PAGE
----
Is our 21st century society a good fit for our ancient physiology? Many fitness professionals, eaters, and scientists are considering the question, including us.
That’s why, last month, we accepted an invitation to present at PaleoFX, an ancestral health event bringing together everyone from doctors and university professors to chefs and “natural exercise” advocates; all there to talk about what it means to eat, move, and live in in “Paleo”-friendly ways.
Now, let’s be clear. At PN, we don’t necessarily identify with the more dogmatic “Paleo” factions, which is one reason we like to use the terms “primal” or “ancestral” instead of “Paleo”. (For more on our thoughts on the topic, click here).
However, we do think everyone can learn from the primal or ancestral health movement. Heck, we even incorporate many elements of this approach in our Lean Eating Coaching Program, the world’s largest body transformation project.
That’s why we chose to present. We wanted to share what we’ve learned from our 8,000-plus clients. And show how understanding the reality of change can help us incorporate the best elements of life-changing, research-driven nutrition coaching for everyone… without getting bogged down in details or dogma.
If you’re interested in learning how we — as coaches — can adapt the ideas of healthy living (including ancestral health) in a way that supports a client’s own ability to change, this is a must-see video series.
But even if you’re not a coach, you’ll gain some important insights on how the change process really works, and how you can use it to set yourself up for success.
In Part 2, we looked at four key strategies from the book Switch, each designed to facilitate the change process by using the metaphor of a person riding an elephant. Here they are again:
- Strategy #1: speaking to the rider
Giving the rational brain some direction but not overwhelming it with choices/decisions;
- Strategy #2: guiding the elephant
Gently directing the emotional and relational brain regions;
- Strategy #3: shaping the path
Adjusting the environment and surroundings; and
- Strategy #4: shrinking the change
Going in small steps, one by one.
In today’s video we put these strategies into action using our two client examples from Part 1.
Client 1: Maria
You’ll remember from Part 1 that Maria is our busy working mom with a small child and older parent. She works full time and juggles child and elder care. She also lives in a community where very few people exercise and processed food is most readily available.
What strategies can we use to help her adapt to a new (even ancestral-style) health approach?
- We can shrink the change by showing her how to cook meals that are fast, convenient, and culturally appropriate.
- We can shape the path by creating networks and communities where she and her peers can learn, make healthy decisions, and get outside, together.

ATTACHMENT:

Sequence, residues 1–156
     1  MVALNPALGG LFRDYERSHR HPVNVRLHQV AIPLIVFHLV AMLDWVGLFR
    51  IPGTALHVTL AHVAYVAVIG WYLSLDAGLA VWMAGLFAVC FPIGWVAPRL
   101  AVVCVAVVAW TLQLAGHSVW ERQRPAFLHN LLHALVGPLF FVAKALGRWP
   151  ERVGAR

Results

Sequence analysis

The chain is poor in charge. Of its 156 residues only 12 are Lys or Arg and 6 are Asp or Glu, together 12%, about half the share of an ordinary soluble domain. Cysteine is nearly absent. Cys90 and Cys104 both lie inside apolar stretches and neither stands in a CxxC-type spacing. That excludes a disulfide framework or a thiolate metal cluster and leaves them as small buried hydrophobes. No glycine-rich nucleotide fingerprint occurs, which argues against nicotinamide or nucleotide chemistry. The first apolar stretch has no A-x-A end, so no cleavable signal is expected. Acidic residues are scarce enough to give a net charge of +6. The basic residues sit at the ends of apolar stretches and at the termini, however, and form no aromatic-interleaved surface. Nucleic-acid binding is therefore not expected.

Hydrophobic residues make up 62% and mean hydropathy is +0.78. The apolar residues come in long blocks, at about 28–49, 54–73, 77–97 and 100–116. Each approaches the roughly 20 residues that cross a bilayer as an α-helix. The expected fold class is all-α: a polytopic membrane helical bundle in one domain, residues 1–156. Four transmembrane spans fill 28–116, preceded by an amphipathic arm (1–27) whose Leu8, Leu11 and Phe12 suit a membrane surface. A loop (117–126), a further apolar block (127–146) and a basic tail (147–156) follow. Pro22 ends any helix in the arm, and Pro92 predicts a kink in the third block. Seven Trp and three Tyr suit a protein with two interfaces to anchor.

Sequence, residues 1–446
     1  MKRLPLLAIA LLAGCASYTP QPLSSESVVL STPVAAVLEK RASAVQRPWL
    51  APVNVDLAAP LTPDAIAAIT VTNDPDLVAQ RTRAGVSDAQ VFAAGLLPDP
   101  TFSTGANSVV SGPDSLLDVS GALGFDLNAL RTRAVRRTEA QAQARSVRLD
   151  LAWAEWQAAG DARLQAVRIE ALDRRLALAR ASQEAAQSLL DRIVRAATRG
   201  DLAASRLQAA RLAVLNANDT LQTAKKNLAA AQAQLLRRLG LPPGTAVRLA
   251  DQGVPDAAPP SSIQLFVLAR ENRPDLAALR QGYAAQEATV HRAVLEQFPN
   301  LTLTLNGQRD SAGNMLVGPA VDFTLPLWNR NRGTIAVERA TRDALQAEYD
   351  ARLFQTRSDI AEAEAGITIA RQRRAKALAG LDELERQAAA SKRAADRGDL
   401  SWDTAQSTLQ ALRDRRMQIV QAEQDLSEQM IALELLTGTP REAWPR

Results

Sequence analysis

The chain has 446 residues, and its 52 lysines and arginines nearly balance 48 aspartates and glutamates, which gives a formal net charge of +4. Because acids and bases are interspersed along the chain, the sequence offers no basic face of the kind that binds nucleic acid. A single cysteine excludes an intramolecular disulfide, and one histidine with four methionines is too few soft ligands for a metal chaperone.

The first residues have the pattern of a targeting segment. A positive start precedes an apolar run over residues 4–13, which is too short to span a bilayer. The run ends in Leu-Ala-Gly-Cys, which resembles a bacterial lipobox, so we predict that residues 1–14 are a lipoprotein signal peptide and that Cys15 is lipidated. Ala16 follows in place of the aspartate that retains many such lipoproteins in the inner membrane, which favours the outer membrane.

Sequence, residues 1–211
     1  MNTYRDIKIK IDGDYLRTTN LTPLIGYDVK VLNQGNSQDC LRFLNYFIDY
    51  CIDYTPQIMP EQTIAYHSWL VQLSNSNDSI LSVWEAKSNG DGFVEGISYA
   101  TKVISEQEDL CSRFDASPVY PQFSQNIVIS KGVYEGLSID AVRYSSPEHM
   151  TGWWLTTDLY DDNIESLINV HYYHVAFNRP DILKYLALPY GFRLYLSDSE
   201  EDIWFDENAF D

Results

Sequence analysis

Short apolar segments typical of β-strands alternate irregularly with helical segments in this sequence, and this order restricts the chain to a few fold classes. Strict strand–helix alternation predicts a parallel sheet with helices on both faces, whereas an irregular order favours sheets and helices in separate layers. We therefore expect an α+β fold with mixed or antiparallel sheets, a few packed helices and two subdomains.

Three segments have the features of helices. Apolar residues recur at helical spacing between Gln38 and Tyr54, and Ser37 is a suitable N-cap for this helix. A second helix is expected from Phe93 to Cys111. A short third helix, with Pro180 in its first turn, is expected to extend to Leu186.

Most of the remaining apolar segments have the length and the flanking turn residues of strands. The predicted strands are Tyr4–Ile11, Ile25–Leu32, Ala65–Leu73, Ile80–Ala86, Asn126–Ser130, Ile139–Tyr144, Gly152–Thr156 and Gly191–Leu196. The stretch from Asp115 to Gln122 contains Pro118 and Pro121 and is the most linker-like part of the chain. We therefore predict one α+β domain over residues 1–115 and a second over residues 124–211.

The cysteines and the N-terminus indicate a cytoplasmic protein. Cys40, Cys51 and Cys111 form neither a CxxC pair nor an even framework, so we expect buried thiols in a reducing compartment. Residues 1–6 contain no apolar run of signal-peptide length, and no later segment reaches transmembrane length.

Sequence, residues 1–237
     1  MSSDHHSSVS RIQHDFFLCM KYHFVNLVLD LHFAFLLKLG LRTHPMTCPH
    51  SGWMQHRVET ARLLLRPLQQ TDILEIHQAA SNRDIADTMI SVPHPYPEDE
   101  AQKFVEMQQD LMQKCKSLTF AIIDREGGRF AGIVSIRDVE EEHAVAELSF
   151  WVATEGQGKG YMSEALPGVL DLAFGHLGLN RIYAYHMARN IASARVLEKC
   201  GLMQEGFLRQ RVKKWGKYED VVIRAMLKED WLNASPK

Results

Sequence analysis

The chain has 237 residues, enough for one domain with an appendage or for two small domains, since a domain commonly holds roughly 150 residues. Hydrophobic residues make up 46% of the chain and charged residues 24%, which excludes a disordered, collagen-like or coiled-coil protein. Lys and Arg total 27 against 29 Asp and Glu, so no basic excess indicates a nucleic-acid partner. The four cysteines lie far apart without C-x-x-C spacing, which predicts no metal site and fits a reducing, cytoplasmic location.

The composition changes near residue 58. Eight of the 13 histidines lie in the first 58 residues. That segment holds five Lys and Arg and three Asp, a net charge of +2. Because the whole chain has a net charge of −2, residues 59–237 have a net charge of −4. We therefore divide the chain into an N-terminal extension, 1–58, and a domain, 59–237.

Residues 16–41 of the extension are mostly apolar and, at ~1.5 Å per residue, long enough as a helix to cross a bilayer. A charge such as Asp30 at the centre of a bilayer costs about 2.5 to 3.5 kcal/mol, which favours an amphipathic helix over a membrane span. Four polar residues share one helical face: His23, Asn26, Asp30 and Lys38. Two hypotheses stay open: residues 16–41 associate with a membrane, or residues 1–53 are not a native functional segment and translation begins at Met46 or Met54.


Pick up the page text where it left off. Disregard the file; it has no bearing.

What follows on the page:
- We can speak her language — literally, she’s Hispanic — and try to make health information accessible and easily understandable within the context of her language and community.
- We can guide the elephant by getting her — and her family, friends, and community — involved in healthy activities.
By doing these things, Maria’s ability to follow a specific set of exercise or nutritional recommendations will be bolstered immeasurably. As you can see, encouraging someone to follow recommendations can only come after you’ve helped them create the right environment for success.
Client 2: Dave
We also met Dave in Part 1. He’s a stressed-out office worker who relies on several “bad” habits to cope with his intense schedule and competing demands.
What strategies can we use to help him adapt to a new (even ancestral-style) health approach?
- We can understand that Dave’s rider is overwhelmed… so we won’t speak to him. We’ll just give him a break.
- We can guide the elephant by recognizing that Dave’s 3 pm caffeine habit has several purposes: it perks him up and helps him deal with low energy levels; it’s a ritual that distracts and comforts him, etc. So we can find solutions that do similar things.
- We can shape the path and shrink the change by giving Dave very small steps to do, one habit at a time. Eventually, our steps take him away from the soda machine and towards the great outdoors.
Summary and take-away
That does it for this 3-part video series.
For now, here are today’s take-aways:
- If we want to make healthy living (and ancestral health) a viable project for everyone we need to address people’s real-life barriers to change — whether that’s time, energy, resources, readiness, or a variety of very legitimate reasons for not changing.
- We need to meet people where they are — not where we want them to be, or where we think they should be.
- We need to understand what holds people back from change and work with – not against – them.
- And we need to understand how change really happens.
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